iTunes Music License: Is it Really Enforceable?
Is the iTunes Music License really enforceable? This is the question raised by F. Scott Kieff in a recent article for IP Law & Business.
According to Kieff, the issue is as follows: the iTunes contract for service allows the customer to copy a song for a small number of times–the license provides that users can burn an audio playlist for up to seven times. <ahref=”http://www.law.com/jsp/article.jsp?id=1202422897219&rss=newswire”>Kieff argues that this license provision conflicts with the doctrine of fair use as follows:
There are at least two key differences between fair use and the iTunes contract. First many commentators consider the fair use scope to be broader than the scope granted under the iTunes contract, covering a much broader amount of uses. Second, the borders of the fair use scope are fuzzy, coming from on of those “all things considered” multi-factor legal tests, while the scope defined in the iTunes contract is precise in limiting the amount of copyright to a specific number.
Kieff’s argument gets even more interesting: he argues that the iTunes contract may be completely void due to the doctrine of federal pre-emption. Kieff explains as follows:
[T]he doctrine of federal pre-emption, which stems from the Constitution’s Supremacy Clause, speaks very forcefully about the consequences of such a conflict between federal law, in this case copyright, and a state law, in this case enforcement of the iTunes agreement under California state law. Following established precendent, the state law may be unenforceable when it conflicts with the federal law. . . .the contract on which the iTunes business model largely depends may actually be void.
Kieff makes a fascinating argument in his article, and highlights a problem that most practitioners dealing with copyright law have grappled with for years: the fact that U.S. copyright law was developed long before computers, software programs, or the Internet were ever contemplated. As a result, the theoretical and practical application of copyright law does diverge at times, as practitioners have developed workarounds to some of the holes that otherwise existed in the statutory law.
But does the fact that this dichotomy exists mean that a copyright license which is drafted to expressly allow for the creation of a set number of digital copies is void and unenforceable under the law? I would argue no: the copyright owner has the right to define the scope of its copyright license in the same way that a patent owner has the right to define the scope of its patent license. Indeed, if you look at the newly revised copyright office website, the Copyright Office has provided a question and answer page that addresses the issue of backup copies of digital files as follows:
Can I backup my computer software? Yes, under certain conditions as provided by section 117 of the Copyright Act. Although the precise term used under section 117 is “archival” copy, not “backup” copy, these terms today are used interchangeably. This privilege extends only to computer programs and not to other types of works.
Under section 117, you or someone you authorize may make a copy of an original computer program if:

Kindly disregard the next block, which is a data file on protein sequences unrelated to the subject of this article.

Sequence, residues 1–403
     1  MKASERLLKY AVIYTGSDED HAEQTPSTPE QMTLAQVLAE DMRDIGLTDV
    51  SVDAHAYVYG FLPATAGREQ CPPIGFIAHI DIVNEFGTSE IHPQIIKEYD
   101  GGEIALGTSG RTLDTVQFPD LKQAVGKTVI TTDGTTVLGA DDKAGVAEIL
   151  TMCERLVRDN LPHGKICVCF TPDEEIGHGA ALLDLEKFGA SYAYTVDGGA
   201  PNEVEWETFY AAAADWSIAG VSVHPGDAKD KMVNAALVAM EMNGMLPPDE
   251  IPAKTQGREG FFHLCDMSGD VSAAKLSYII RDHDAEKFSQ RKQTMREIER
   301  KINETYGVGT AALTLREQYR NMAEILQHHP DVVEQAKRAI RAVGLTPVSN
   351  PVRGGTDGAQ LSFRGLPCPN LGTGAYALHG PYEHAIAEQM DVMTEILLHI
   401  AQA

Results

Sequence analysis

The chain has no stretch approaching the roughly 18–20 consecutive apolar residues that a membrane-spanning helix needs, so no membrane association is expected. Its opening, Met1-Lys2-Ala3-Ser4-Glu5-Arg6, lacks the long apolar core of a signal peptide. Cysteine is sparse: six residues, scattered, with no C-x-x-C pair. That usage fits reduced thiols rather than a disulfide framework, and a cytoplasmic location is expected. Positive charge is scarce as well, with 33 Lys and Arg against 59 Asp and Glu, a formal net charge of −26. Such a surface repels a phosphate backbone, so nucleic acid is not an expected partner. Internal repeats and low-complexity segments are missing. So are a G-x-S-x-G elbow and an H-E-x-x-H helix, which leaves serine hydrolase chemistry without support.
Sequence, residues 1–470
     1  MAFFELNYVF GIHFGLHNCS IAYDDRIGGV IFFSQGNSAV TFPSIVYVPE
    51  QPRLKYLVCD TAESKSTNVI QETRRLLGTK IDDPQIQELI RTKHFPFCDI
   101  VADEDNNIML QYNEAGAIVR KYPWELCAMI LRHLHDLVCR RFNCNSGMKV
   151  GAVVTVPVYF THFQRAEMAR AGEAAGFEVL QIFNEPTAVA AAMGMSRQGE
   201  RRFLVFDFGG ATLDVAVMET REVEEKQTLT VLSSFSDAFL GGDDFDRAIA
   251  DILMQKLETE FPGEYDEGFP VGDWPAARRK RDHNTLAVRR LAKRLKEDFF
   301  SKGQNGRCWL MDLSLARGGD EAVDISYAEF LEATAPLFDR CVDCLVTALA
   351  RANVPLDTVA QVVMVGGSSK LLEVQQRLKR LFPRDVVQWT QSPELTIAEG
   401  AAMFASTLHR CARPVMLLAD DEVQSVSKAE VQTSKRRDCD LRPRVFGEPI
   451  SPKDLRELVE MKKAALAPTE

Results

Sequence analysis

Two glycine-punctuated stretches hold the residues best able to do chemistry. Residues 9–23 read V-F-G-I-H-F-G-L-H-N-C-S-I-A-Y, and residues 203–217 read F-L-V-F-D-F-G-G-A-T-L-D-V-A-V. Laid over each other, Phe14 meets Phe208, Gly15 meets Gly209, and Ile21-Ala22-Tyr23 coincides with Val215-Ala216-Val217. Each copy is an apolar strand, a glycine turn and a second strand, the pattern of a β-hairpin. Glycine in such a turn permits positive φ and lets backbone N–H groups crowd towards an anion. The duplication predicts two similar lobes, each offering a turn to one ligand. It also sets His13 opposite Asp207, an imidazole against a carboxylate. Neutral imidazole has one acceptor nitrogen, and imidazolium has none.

the new copy is being made for archival (i.e., backup) purposes only; you are the legal owner of the copy; and any copy made for archival purposes is either destroyed, or transferred with the original copy, once the original copy is sold, given away, or otherwise transferred.
You are not permitted under section 117 to make a backup copy of other material on a computer’s hard drive, such as other copyrighted works that have been downloaded (e.g., music, films). It is also important to check the terms of sale or license agreement of the original copy of software in case any special conditions have been put in place by the copyright owner that might affect your ability or right under section 117 to make a backup copy. There is no other provision in the Copyright Act that specifically authorizes the making of backup copies of works other than computer programs even if those works are distributed as digital copies.
This excerpt from the Copyright Office’s website suggests that the Copyright Office believes that copyright law provides that you cannot make backup copies of downloaded music without the copyright owner’s permission, even though the backing up of copies of computer programs for archival purposes is expressly permitted by Section 117. If my interpretation of the Copyright Office’s text is correct, then a license would be required to make any number of copies of downloaded music.
So, the question becomes: does fair use extend to exempt the copying of downloaded music from constituting copyright infringement in some cases? I feel confident that the music industry would say “absolutely not.” But would its position be correct? I think that Kieff has a valid argument that fair use probably should extend to permit copyright in some instances where the elements of the fair use exemption are met.
In the end, however, I take issue with Kieff’s notion that a contract that specifically authorizes certain instances of copying would conflict with the fair use exemption as codified by federal law and therefore render the contract unenforceable due to the pre-emption doctrine. In my opinion, a copyright owner can and should define the scope of its license and expressly provide for certain instances of copying instead of leaving it to the licensee’s interpretation of fair use to decide whether or not such copying constitutes infringement. I would argue that a well-drafted agreement is one that expressly states the terms in very clear language and leaves little or nothing to the independent interpretation of the licensee.
Despite my position on the issue, there is no question that Kieff presents an interesting argument. I suspect that we will see his argument again in a litigation proceeding at some point in the future.